Any time a country or region imposes any sort of visa stipulation - even if it’s a waiver - the travel industry sighs a collective groan, knowing the obstacles and headaches to come.
MONTREAL — Announcing its Q2 results yesterday, Transat said that while it was aware of Group Mach’s interest in the company, it hadn’t yet received a proposal. Now Group Mach has announced it will rectify that, with a formal offer coming before Transat’s exclusive talks with Air Canada end on June 26.
“We will file one, because they’re asking for one,” said Group Mach Inc. chief executive Vincent Chiara. “We don’t have any obligation toward Air Canada to respect an agreement.”
Transat continues to negotiate with Air Canada as part of a 30-day exclusive due diligence period, set to wrap up June 26. Air Canada is offering $13 per share in a $520 million deal, while Group Mach has said it will pay $14 per share, about $527.6 million.
Group Mach needs the Quebec government to kick in nearly one-quarter, or about $120 million, of the purchase.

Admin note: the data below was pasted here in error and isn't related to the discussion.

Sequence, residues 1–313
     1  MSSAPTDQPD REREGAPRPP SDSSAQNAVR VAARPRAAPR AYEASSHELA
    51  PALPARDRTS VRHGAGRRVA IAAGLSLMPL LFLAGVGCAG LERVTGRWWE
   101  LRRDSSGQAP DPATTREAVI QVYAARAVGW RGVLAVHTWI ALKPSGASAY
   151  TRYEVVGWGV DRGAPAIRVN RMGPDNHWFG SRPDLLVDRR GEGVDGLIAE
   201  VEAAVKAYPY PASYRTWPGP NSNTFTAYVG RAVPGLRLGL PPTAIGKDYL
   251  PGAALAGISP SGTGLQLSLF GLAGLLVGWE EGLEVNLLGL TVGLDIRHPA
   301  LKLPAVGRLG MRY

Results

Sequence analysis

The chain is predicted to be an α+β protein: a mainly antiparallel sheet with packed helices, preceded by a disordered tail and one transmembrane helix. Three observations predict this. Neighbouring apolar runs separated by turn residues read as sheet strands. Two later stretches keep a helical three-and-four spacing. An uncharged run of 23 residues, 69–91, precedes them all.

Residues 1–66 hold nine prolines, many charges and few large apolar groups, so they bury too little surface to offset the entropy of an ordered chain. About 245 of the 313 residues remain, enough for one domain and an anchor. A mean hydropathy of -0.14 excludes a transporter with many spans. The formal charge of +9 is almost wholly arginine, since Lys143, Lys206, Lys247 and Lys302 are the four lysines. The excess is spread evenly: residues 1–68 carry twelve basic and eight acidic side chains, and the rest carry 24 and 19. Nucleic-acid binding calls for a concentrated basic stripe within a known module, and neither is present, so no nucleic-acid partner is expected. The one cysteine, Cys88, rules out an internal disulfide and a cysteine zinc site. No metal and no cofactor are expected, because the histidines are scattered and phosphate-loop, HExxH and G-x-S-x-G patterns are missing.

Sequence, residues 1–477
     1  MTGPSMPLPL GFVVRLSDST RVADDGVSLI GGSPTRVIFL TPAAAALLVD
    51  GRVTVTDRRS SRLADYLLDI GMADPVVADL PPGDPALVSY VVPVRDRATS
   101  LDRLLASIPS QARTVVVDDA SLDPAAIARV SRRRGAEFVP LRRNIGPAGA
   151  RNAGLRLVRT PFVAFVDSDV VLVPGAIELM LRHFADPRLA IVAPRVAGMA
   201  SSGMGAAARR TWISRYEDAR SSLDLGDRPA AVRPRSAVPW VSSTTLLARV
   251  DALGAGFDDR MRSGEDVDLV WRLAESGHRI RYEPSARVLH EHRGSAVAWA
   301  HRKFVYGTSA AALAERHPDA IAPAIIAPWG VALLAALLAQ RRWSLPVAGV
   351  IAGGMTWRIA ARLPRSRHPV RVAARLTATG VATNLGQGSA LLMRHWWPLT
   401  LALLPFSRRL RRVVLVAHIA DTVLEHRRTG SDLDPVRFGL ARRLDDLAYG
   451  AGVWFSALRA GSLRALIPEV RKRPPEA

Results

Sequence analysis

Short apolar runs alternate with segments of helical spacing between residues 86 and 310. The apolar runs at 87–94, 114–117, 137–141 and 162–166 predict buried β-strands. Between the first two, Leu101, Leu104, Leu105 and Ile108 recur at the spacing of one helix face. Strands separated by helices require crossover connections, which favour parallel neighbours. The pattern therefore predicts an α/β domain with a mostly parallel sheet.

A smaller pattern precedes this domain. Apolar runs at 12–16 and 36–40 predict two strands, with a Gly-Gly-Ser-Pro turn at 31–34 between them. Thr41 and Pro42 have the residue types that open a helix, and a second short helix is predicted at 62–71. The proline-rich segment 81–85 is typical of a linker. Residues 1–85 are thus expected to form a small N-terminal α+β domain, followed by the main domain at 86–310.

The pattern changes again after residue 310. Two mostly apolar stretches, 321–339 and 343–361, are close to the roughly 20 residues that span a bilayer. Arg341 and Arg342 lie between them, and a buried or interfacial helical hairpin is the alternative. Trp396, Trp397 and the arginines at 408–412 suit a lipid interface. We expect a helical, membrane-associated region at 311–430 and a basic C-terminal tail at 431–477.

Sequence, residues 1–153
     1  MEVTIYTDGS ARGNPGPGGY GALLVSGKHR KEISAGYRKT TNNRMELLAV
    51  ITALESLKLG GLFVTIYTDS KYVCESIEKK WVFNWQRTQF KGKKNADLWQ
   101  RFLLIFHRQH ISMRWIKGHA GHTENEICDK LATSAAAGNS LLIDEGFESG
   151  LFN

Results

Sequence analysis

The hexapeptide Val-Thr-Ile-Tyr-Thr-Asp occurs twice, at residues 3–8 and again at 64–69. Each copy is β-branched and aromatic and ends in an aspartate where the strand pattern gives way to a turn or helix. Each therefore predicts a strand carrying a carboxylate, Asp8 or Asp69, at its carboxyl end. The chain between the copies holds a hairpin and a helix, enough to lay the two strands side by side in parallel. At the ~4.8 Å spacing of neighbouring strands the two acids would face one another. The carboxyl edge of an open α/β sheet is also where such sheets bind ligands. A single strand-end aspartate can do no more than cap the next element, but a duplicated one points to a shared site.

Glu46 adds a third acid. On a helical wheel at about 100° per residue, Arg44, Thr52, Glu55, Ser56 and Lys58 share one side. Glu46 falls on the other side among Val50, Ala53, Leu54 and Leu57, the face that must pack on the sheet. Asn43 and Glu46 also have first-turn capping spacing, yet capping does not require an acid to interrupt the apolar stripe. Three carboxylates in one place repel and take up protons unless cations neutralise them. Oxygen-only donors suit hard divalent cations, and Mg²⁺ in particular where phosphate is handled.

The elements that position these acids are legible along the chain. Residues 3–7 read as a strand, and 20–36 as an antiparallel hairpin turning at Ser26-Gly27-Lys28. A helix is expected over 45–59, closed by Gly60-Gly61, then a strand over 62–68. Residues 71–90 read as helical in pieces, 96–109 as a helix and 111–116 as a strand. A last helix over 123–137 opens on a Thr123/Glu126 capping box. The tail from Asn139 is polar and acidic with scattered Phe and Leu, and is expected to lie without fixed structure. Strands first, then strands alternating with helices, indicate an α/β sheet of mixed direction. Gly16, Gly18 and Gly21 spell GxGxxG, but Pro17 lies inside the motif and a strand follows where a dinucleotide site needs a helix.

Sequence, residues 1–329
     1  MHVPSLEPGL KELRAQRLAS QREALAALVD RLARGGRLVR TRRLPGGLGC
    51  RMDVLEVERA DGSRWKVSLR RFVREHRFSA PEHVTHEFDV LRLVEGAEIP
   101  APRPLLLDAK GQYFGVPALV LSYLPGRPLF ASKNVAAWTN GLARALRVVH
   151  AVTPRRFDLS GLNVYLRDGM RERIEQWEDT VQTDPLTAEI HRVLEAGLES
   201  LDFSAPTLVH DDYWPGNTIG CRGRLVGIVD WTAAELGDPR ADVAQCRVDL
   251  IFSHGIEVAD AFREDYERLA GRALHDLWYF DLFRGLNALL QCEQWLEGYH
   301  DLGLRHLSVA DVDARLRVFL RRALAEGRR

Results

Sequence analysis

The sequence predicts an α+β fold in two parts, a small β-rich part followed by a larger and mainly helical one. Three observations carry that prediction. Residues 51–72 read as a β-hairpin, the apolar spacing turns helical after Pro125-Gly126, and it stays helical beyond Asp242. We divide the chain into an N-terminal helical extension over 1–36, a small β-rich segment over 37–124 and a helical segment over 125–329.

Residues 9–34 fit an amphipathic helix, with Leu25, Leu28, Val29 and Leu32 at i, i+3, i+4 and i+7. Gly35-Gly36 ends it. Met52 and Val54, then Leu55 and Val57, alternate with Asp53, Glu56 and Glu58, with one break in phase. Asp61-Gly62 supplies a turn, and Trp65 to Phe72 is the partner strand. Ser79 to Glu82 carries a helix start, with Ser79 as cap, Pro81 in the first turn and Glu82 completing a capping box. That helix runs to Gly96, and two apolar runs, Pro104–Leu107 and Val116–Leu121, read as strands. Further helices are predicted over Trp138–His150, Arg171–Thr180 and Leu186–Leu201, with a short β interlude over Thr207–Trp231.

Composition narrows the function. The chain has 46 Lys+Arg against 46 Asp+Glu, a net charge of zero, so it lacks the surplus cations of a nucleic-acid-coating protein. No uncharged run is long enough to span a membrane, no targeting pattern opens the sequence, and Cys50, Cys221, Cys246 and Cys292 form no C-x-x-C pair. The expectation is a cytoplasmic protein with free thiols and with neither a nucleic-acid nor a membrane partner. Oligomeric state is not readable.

For its bid Air Canada has pointed out that it “has all necessary funding to complete the transaction and therefore it is not subject to financing conditions and does not require government or taxpayer assistance.”
Transat chief financial officer Denis Petrin said any further acquisition proposal communicated to the company before or after the end of the exclusivity period will be addressed by Transat’s board of directors “in consideration of their duties and obviously the agreement with Air Canada”.
Key to Group Mach’s deal is proposed minority partner TM Grupo Inmobiliario, a Spanish real estate developer that would roll over its three hotels in Mexico to Transat. Group Mach’s Chiara has criticized how Transat is handling its $750-million plan to develop a hotel chain in the Riviera Maya and the Caribbean.
Financial analysts meanwhile are favouring the Air Canada deal.